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Bob Cavallo shot footage at Summerfest '71. Here it is.

VIDEO: Prepping for Summerfest 1971

I spent a fair amount of the late spring this year writing about the history of Summerfest, which, as you all surely know by now, is celebrating its 50th Big Gig.

You can read that baby here.

There is nothing like a photograph to help bring to life the festivals of the past, which is what I thought when I posted these images of Milwaukee having fun at Summerfest in the past as an accompaniment.

But what really takes one back is film and video. And thanks to Milwaukee rock and roll photographer – and musician – Bob Cavallo, we have some footage he shot of the set-up for Summerfest 1971.

Among the performers that year were pioneers B.B. King, Chuck Berry, Little Richard, Bo Diddley, The Coasters, The Drifters and Muddy Waters. Also on tap were country stars Jeannie C. Riley, Sonny James, Ray Price and Roy Clark; as well as teen hitmakers like Bobby Sherman and The Jackson 5; rock acts like Mountain, John Sebastian and Blood, Sweat and Tears; and jazz artists like Woody Herman.

Cavallo's band The Messengers also performed on an eclectic bill that also included Sherman and the Milwaukee Symphony Orchestra. It was when The Messengers split up that year that Cavallo traded his drum sticks for a camera and began working for his father, who was a photographer.

It's interesting to see the glimpses of the skyline and, especially, of the poured concrete supports for the future Hoan Bridge before any of the deck was constructed.

Also interesting to see how a couple guys used a rope and pulley system to fly the speaker cabinets for the P.A. systems onto less-than-solid-looking scaffolding and to see the tents, stages and what appear to be rows and rows of folding chairs for seating.

The festival, my friends, has come a long way.

Thanks to Bob for this great footage.

Oh and, because this was 1971, some shirtless stagehand had to moon the camera, so if nudity offends you, don't watch.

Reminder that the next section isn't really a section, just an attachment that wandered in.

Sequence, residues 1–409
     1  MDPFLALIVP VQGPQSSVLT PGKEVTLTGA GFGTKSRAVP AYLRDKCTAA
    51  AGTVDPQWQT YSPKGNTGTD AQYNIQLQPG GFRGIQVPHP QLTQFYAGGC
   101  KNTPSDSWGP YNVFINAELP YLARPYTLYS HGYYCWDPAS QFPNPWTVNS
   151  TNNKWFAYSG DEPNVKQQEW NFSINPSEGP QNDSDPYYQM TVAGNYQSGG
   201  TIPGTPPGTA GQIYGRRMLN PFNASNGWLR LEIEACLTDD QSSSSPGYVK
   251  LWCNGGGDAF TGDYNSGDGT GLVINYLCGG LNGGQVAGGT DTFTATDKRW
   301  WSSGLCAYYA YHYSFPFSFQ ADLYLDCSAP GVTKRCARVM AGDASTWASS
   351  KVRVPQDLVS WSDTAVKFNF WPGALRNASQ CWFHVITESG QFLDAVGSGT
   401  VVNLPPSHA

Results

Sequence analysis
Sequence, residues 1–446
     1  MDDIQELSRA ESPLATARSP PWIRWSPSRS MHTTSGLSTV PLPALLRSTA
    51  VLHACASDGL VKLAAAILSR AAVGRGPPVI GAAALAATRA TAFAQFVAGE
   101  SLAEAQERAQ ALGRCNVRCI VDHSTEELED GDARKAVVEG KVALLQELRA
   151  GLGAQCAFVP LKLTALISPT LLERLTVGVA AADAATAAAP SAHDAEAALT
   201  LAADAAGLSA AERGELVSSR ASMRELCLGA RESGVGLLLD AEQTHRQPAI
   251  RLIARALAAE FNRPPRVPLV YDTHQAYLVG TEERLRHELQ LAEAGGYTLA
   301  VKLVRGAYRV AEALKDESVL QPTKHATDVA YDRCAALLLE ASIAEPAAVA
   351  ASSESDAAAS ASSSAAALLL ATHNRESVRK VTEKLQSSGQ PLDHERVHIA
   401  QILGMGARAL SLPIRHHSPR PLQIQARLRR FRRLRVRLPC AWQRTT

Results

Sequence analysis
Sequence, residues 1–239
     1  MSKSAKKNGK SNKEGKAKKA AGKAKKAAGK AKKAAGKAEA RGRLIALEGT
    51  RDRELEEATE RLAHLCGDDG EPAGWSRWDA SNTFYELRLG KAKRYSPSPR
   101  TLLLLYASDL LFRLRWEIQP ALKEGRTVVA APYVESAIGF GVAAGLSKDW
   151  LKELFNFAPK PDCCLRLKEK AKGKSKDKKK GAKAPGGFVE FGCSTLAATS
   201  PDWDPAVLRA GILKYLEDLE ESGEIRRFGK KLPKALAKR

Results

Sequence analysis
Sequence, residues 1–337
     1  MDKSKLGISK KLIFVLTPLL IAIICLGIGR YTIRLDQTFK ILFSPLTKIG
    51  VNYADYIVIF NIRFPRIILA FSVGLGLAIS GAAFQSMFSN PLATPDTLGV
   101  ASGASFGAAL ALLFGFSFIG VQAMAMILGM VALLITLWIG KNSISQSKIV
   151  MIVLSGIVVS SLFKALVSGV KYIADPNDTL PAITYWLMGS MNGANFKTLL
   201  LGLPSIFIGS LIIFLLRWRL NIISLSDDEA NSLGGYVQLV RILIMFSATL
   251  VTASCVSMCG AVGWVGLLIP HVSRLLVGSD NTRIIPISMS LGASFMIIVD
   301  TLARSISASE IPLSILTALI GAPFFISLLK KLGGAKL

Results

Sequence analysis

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A landmark of reggae and the punk scene, "Two Sevens Clash" is now 40 years old.
A landmark of reggae and the punk scene, "Two Sevens Clash" is now 40 years old.

40 years on "Two Sevens Clash" still captures militant zeitgeist of punk, reggae

It was 40 years ago today that The Clash, Sex Pistols and other like-minded fellow travelers fueled the punk revolution in the U.K. and the Ramones, Patti Smith and others did the same here.

Less celebrated, perhaps, is the fact that Jamaican roots reggae was in its heyday at the same time, a fact that did not go unnoticed or unappreciated by punks on both sides of the Atlantic.

(Photographer unknown)

You won’t have to spend much time searching Google to find photos of Smith chilling with Tappa Zukie and Burning Spear’s Winston Rodney, or Johnny Rotten hamming it up with Big Youth for Dennis Morris’ camera.

(PHOTO: Dennis Morris)

The Clash celebrated all the big names of Jamaican music in "White Man in Hammersmith Palais" and covered Junior Murvin’s "Police & Thieves." Rotten traveled to Jamaica to scout talent for Virgin’s Front Line reggae subsidiary.

One of the most important records of the era – and the one perhaps most treasured by punks – was Culture’s "Two Sevens Clash," a reference to July 7, 1977, a date predicted by Marcus Garvey to unleash chaos. Many Jamaicans stayed inside that day and Culture’s hit song captured the zeitgeist not only of that experience but of the upheaval in the international music scene, thanks to the punks’ rip it up and start again attitude.


(PHOTO: Heartbeat Records)

The album, produced by Joe Gibbs, featured the inimitable voice of lead singer Joseph Hill – who died in 2006 – with harmonies by Albert Walker and Kenneth Dayes. Songs like the title track, "I’m Not Ashamed," "See Them A Come" and "Natty Dread Taking Over" were urgent and catchy.

Gibbs tapped Kingston’s top studio talent – drummer Sly Dunbar, bassist Lloyd Parks, saxman Tommy McCook, among others – to provide the backing.